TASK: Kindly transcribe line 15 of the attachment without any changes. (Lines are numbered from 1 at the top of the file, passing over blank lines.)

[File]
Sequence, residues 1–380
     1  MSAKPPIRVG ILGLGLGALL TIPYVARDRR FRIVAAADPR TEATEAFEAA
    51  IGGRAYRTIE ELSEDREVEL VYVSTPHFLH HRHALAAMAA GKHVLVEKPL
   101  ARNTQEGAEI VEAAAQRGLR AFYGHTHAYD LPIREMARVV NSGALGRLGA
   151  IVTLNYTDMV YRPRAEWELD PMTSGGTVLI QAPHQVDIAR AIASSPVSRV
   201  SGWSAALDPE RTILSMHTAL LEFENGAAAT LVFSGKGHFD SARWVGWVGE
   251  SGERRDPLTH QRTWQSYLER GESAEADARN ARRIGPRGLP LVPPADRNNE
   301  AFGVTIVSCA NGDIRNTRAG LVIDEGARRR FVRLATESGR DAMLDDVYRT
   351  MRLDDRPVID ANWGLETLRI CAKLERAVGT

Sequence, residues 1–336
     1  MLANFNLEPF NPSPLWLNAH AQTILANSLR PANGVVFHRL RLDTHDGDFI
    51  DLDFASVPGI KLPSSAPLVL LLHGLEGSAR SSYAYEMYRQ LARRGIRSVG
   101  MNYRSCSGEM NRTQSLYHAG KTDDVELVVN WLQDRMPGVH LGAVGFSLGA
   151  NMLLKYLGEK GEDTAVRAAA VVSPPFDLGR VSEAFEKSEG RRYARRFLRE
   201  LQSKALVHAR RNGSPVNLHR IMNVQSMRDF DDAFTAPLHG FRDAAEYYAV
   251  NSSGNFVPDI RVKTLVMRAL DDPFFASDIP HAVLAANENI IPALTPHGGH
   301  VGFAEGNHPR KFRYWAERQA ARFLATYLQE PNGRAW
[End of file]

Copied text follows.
   201  LQSKALVHAR RNGSPVNLHR IMNVQSMRDF DDAFTAPLHG FRDAAEYYAV